Payday Loans in South Carolina: Subprime Report
- Nickname: The Palmetto State
- Population: 5.08 million
- Capital: Columbia
- Website: www.sc.gov
There’s a lot of history in South Carolina—the first battle of the Civil War took place at Fort Sumter. However, the deep history of South Carolina doesn’t necessarily translate into good living conditions for the state’s residents. Approximately 15.4% of those living in South Carolina had 2018 earnings below the poverty threshold—which was, unfortunately, higher than the national average of 11.8% for that year.
Pile on top of that is South Carolina’s total student loan debt of $24.4 billion, which equates to about $36,456 per borrower (as of June, 2019). In addition, 28% of the state’s residents have at least some medical debt in collections (at an average of $733 per borrower). As a result of these financial challenges, many South Carolina residents might be looking for alternative means for making ends meet, such as payday loans and title loans. However, it is important to read the information below before getting trapped in an endless cycle of debt with South Carolina payday and title loans.
Payday Loans in South Carolina
Payday loans in South Carolina are allowed under state law. Some people in the state who are struggling might turn to payday loans for “help”. According to the Center for Responsible Lending, most payday loans are taken out to help people with their recurring, everyday expenses. They are usually lent out to people who have poor or no credit and have had trouble finding other resources to help them make ends meet.
But many who have gone down this route have ended up worse off than when they started. Payday loans are short-term loans that come with very high annual percentage rates (APRs) and fees, and are expected to be paid back within short periods of time (usually about 2-4 weeks). With these terms, many borrowers are, unfortunately, not able to repay their loans on time and often must resort to taking out additional loans (called rollovers) to pay for their initial loans. With this, the destructive cycle begins, and many people find it hard to get out of this desperate situation.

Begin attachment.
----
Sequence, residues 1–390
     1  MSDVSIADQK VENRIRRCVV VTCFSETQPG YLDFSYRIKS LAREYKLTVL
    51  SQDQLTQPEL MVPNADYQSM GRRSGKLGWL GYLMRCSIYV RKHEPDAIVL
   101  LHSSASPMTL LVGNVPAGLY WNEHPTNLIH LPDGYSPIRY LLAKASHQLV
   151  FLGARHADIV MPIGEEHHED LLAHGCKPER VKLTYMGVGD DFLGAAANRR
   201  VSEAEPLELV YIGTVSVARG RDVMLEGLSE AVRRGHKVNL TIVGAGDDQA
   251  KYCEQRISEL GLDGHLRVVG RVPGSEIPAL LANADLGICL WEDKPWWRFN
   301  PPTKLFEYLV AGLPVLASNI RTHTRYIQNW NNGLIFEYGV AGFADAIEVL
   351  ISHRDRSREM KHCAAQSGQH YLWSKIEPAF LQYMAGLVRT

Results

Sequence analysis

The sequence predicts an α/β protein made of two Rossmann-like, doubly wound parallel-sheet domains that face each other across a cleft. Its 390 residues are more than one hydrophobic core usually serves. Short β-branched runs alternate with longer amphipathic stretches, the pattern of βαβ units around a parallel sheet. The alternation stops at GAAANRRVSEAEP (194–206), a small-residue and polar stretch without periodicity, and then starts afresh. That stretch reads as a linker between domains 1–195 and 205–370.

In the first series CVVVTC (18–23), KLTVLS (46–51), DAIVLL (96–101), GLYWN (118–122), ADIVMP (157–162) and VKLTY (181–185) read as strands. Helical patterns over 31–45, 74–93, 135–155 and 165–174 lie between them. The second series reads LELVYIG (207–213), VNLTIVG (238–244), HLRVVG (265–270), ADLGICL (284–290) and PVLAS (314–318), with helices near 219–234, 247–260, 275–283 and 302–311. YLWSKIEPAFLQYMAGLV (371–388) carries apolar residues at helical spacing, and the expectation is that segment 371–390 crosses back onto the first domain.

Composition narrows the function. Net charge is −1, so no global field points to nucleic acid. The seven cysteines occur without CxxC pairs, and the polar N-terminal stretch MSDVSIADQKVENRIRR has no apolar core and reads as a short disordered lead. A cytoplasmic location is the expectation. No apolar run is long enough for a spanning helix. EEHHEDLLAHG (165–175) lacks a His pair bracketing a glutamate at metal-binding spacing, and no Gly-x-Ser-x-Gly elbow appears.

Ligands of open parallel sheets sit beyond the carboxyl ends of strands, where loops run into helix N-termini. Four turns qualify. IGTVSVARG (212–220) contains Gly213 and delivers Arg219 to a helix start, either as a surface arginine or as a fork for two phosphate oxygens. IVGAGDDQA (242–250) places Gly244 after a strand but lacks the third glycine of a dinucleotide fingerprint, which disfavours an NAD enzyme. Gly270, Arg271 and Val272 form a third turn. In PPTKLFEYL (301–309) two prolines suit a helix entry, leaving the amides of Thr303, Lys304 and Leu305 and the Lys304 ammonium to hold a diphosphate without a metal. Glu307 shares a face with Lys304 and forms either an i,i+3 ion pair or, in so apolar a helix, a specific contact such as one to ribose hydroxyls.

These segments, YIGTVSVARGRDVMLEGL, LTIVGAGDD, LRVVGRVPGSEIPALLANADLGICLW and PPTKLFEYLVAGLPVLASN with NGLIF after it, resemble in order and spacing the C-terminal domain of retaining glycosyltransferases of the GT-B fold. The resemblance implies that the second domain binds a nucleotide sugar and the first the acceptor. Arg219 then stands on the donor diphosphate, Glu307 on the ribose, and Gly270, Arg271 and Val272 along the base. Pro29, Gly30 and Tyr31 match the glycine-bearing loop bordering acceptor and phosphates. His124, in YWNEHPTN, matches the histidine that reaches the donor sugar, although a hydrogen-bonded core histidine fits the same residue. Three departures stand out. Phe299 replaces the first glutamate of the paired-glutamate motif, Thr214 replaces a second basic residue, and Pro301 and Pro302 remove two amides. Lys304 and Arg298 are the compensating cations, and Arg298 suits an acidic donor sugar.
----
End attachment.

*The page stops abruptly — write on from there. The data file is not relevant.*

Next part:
Title Loans in South Carolina
Another type of predatory lending practice – title loans – is legal in South Carolina. Title loans are considered short-term loans, with typical terms of no more than 30 days. Title loans require borrowers to provide lenders the titles to their vehicles, which can be used for repossession if the borrowers are unable to pay back their loans on time. Like payday loans, title loans come with high APRs and fees, and borrowers of these loans frequently find themselves in the tough position of not being able to pay back the loan amounts within the allotted time period. As a result, they often need to borrow additional loans to cover themselves. As with payday loans, they often end up in a never ending cycle of debt…
In a 2015 report, The Pew Charitable Trusts indicated that the average APR for these types loans are typically 300% (across the U.S.) and that about half of title loan borrowers use the funds to pay for ongoing, regular expenses.
Consumer Protection in South Carolina
So, you’ve taken out a payday loan or title loan in South Carolina… now what? If you are experiencing harassing phone calls, emails or other disruptions, you don’t have to just put up with the threats. Reach out to the South Carolina State Board of Financial Institutions to file a complaint (see contact information below). You can file a complaint, and a representative will work to help resolve your issue.
The South Carolina State Board of Financial Institutions
- Address: 3rd Floor, Edgar Brown Building 1205 Pendleton St. Columbia, SC 29201
- Phone Number: (803) 734-2020
- Website: http://www.bofi.sc.gov/